Measuring Our Impact (and Yours)
We feel gratified about the work we do and we hope our customers appreciate our ability to lessen their carbon footprints. But we’re not satisfied just knowing we’re diverting lots and lots of materials from landfills. We want to know exactly (or as close to) how much we’re contributing to the fight against climate change and I think our customers do too. That’s why I’m proud, as Chief Sustainability Officer, to lead our efforts in recording the weights of the organics we collect. I’ve always enjoyed statistics, which is probably why baseball is my favorite sport, and perhaps my favorite part of the job is coming up with ways to record them. We track two main categories of stats: customer and employee. In addition to learning how much we’ve collected, recording weights helps with logistics and planning. At the end of the year, we will release a report detailing what we’ve accomplished. What do I mean by this? Let’s get into the stats.
First, there is the total weight, which is the precursor to all stats in the customer category. On some routes, we weigh each bucket (or paper bag when possible) and record the numbers. Each bucket weighs about 1.62 pounds, so we subtract that from the total bucket weight. On other routes we currently estimate total weights collected per route, but we expect that soon we’ll have the ability to weigh the total amount collected on every route upon conclusion of each route.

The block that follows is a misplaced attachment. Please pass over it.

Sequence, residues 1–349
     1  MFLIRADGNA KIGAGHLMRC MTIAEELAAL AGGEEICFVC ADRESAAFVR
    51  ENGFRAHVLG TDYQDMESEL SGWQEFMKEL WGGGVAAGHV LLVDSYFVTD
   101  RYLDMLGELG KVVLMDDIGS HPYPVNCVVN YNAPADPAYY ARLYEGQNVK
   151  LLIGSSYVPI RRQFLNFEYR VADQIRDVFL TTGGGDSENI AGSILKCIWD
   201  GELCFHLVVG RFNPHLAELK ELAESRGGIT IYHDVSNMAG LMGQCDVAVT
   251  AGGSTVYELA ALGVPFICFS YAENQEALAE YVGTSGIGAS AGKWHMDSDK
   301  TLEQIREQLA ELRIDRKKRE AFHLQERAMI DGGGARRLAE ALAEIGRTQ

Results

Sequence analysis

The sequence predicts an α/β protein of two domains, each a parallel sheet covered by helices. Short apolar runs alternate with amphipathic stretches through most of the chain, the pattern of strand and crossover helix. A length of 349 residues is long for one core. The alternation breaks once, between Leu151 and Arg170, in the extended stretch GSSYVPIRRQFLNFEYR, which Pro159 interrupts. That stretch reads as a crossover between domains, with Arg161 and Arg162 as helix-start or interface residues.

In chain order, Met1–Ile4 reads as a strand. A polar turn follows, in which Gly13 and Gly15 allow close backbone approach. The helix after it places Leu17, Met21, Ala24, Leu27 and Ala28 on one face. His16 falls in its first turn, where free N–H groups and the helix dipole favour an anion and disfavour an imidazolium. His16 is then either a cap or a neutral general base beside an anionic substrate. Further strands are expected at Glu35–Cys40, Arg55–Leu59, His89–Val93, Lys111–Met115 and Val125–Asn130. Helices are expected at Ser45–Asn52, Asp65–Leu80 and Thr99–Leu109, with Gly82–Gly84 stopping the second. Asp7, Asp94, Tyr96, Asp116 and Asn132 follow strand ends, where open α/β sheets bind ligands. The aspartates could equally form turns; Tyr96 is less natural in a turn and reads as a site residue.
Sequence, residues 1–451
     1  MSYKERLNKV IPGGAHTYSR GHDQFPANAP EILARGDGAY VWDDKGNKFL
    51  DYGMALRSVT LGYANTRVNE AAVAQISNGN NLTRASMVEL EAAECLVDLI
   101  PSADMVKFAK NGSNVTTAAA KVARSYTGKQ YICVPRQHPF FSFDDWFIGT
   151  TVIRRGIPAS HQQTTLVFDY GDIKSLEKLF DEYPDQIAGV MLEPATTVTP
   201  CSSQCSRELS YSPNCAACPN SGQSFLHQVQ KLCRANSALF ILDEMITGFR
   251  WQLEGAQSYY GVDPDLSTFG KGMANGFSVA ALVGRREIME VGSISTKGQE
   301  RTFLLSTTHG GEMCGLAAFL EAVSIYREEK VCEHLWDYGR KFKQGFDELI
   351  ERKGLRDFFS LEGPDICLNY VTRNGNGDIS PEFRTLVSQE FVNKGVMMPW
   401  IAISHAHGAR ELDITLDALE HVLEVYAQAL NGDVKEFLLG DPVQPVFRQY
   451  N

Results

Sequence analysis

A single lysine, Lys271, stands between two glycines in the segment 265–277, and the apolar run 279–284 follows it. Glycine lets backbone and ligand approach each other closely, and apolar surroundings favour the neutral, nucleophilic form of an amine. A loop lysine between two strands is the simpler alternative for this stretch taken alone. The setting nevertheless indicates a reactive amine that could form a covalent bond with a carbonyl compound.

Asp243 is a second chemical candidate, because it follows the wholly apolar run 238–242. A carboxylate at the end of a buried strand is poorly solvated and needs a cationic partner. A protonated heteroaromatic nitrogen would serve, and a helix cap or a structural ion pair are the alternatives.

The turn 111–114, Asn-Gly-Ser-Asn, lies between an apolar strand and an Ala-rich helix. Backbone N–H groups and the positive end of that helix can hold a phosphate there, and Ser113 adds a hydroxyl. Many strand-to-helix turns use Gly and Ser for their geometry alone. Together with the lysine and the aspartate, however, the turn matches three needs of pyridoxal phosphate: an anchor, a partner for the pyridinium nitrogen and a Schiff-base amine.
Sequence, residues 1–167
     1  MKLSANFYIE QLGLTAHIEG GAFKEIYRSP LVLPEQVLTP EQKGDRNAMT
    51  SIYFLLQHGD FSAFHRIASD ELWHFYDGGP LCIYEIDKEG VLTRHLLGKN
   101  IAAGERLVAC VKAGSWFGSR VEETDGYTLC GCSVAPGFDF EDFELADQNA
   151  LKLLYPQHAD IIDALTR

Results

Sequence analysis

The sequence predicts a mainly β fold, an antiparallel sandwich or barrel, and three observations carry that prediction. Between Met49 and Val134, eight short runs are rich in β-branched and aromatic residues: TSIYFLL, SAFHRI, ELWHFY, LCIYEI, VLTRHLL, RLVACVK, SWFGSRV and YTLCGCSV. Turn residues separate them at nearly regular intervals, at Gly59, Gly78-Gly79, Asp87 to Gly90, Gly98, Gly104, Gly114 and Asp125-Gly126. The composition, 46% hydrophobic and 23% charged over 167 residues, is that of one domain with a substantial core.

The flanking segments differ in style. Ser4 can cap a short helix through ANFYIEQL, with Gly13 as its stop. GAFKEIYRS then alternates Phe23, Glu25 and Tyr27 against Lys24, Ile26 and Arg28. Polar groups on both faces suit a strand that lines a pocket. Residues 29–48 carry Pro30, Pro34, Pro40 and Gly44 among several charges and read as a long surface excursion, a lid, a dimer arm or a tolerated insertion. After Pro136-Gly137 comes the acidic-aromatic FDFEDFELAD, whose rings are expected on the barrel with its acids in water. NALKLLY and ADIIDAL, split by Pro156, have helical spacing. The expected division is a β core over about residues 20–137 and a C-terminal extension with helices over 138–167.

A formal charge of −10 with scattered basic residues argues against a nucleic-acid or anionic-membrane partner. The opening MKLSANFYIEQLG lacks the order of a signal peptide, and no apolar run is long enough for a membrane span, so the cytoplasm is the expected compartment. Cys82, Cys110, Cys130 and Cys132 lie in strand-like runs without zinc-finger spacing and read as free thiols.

From there, we determine how much compost can be made. Generally, we would assume the amount of compost created is half the weight of what we collect, as microorganisms and heat shrink the materials. Next, I calculate how much carbon dioxide is avoided by using the US Composting Council’s reasoning that “in a landfill, food can produce the equivalent of 12 metric tons of CO2 for every dry metric ton of waste. Since food scraps are roughly 80% moisture, that equals about 2.6 tons on a wet weight basis.” Thus, the formula is pounds collected x 2.6 = lbs of CO2 emissions avoided.
Accounting for collected weights is also important to our operations. We track how much goes into each bin at our composting sites to estimate when they will be filled and how much compost the gardens and farms will receive. It’s also helpful to our cyclists to know how much they’re carrying to determine the capacity they can haul and about how long their routes should take. Using the Runkeeper app, I record the duration of our routes. Furthermore, I track mileage to determine how much carbon dioxide is avoided compared to if I did the route via automobile. The formula I use is 1.1 pounds of CO2 per mile, assuming my car gets 21 MPG, multiplied by how many miles traveled. I also use the app to track calories burned as a way to personally see the health benefits achieved on these trips. To date, I’ve ridden over 550 miles and burned over 33,000 calories! I also record how many pickups I make and who and how many customers do not leave their buckets out on pickup day in order to determine who needs the most reminding and what methods are required to get that number down. I have made over 700 pickups so far.
On days when the weather makes conditions dangerous to ride my bike, I am forced to drive. I keep track of the mileage and will calculate the emissions for my year-end report. I will determine what actions we can take to mitigate these impacts, which may include planting trees and vegetation and calculating their carbon sequestration abilities.
Keeping these records allows us to show the impact our operations and customers are making on the planet, both positive and negative. We believe transparency is crucial to the mission of sustainability and we look forward to sharing our numbers with the world.